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Thread: learning morse and typing at the same time

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Posted: 2021-06-27 18:24
Im learning morse on LCWO and touch typing at the same time following a programme called Zoom Type. Ive just worked out that by using LWCO code groups , I can input the typing course letter progression and so learn two skills at the same time .... outstanding. Zoom Type on u tube

Posted: 2021-06-29 02:49
Generally NOT considered a good idea.

I'm sure the experts will chime in, but basically what will happen is you will develop an ear-to-finger reaction. You will not learn to hear the code and understand it, which means after typing you will have to reread what you typed; this will also hamper progressing to head copy of words and phrases. And as pointed out before, by others, you may end up always needing a keyboard which is limiting for mobile, portable, even possible emergency qrp where power is limited.

Lots of opinions out there, but some cuase irreversible habits.

Seek other input


Posted: 2021-06-30 02:27
SOMEBODY PLEASE, Outline the best “head copy” learning method.

Posted: 2021-06-30 04:59
Best ? Well I don't know if that will ever be answered. Best is what works best for you. But head copy is near instant recognition of sounds; first you must know each character instantly. G4FON recommends using a char speed that you hope to use (he recommends no less than 20wpm) and then a word speed of about 12 wpm, then play code groups and verbally call out each char as it is played (I found more than 20/15 very hard to vocalize fast enough) any way if your confident with the characters or at least enough to make words or qsignals or some cw abbreviations; then you can make a file of SHORT strings 2-3 characters, and only a handful or different ones maybe 10, like: it is he and the qrs .....
Play the file with "Convert text to CW" using normal speed ie 15/15, 20/20 NOT Farnsworth. If its too fast use the CW setting page and increase the Extra Word Spacing 2, 2.5 whatever you need so you get to "hear" your words like "the" as a new sound instead of "T" "H" "E" eventually you can decrease the extra word spacing and/or add another word of two to your file. Each person is different, some will buffer up the characters and then voila' the word comes to them (everyone needs this for words they don't know) but other will quickly build a "vocabulary" of word sounds.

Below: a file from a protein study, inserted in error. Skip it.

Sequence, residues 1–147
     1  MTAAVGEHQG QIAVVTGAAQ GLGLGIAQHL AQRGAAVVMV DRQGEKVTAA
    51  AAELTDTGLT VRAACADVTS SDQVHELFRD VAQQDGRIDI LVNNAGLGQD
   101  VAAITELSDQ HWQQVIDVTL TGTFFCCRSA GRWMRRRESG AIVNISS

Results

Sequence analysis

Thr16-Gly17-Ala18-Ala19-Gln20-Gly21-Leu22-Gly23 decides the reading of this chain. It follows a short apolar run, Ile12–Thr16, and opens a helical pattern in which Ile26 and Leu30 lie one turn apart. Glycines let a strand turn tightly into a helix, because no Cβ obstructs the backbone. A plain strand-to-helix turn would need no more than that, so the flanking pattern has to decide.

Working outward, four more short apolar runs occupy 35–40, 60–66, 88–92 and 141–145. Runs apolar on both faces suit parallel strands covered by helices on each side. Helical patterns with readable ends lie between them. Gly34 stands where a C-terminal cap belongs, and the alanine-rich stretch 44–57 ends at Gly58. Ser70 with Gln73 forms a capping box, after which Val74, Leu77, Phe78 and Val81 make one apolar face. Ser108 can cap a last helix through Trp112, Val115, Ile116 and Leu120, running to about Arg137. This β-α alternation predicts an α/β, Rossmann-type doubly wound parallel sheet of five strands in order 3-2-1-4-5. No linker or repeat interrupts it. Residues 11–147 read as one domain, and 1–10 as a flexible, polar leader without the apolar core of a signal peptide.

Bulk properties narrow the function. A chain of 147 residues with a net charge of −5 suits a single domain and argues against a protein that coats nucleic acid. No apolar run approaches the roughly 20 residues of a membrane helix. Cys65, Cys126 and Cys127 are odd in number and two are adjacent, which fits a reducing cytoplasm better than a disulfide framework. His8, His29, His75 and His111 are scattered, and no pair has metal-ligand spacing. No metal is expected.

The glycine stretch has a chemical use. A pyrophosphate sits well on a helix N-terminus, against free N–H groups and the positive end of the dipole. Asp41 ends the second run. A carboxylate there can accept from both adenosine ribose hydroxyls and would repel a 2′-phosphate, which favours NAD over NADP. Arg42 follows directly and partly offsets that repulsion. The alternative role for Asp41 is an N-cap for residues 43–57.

I am still learning this myself - but I have used this approach, as well as just listening to word files while walking the dog, etc. So although I still make too many mistakes in the 20+ wpm, I can listen to 35-40wpm and although a lot flys by, many short words like: and the must more - just pop out as clear as hearing my name.

If someone gives you a fool proof method please post it!!!!

There are tools to help make random sorted word/string files instead of typing them.

Good Luck

Posted: 2021-07-02 06:32
As someone who is trying to unlearn the ear to finger reaction... I can confirm. If you ever want to learn higher speeds (~20 onwards), then head-copy is the only way to go.

Currently I can type a who QSO and have NO idea what I copied till I read it back. Weird... yes.

Google G4FON for addional info (see his video) and software to go with it.

Posted: 2021-07-02 22:02
SOMEBODY PLEASE, Outline the best “head copy” learning method.

Really only by doing it.

If you are used to typing/writing down then having to remember decoded letters whilst decoding others can be a challenge at first.

Try making some mp3 files and listen on your phone and see how many letters etc you can keep in your head and build into words.
Don't be afraid to repeat a number of times.
The top 100 words should get you started . .

The next "trap" is when you think you know what a work will be ( predicting ), but it turns out to be a similar one instead and throws you . . .


Posted: 2021-07-19 17:15
i do find that this works for me, my typing has improved a great deal and I can get thru the lessons with more accuracy. I understand the arguments about relating sounds to finger movements and fully get the head copy thing. Im new to morse and I have found that typing the sounds acts to reinforce my learning. I guess that its whatever floats your boat. BTW typing this without looking at the keyboard was a breeze and was something else I could not a while back

Posted: 2021-07-27 12:10
I am also one of those CW -> Keyboard learners...but now on my way out of it, and trying to head copy instead of writing on keyboard.

An advice;
For Instant Character Recognition, there is separate module in CW Ops training courses for this, the "Basic" class. All the papers to the course is public, and can be found here:

There is a good article there about ICR:
"Instant Recognition A Better Method Of Building Morse Code Speed" by Nancy Kott / WZ8C, that I recommend reading.

Also, the instruction is good to see what method CW Ops use:
"Practice Instructions and Homework Assignments (Curriculum) v-2.2"

(I will do this module in Sept/Oct this year, but I have read the above mentioned allready).

A second advice:
Download Morse Code Ninja training files to your cell phone, and listen while talking a walk or driving in your car. That has helped me a lot.

I started learning CW with LCWO in January 2021, and then took CW OPS Beginner class in April/May, and have now many QSO's mainly on the QRS frequencies (e.g. 14.055 MHz).

Good luck!

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